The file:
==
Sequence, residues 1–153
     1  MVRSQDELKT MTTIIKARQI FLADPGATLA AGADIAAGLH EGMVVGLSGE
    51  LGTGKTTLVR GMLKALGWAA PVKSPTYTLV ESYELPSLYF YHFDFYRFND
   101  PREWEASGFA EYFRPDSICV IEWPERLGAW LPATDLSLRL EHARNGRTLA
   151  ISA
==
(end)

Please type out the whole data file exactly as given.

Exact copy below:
Sequence, residues 1–153
     1  MVRSQDELKT MTTIIKARQI FLADPGATLA AGADIAAGLH EGMVVGLSGE
    51  LGTGKTTLVR GMLKALGWAA PVKSPTYTLV ESYELPSLYF YHFDFYRFND
   101  PREWEASGFA EYFRPDSICV IEWPERLGAW LPATDLSLRL EHARNGRTLA
   151  ISA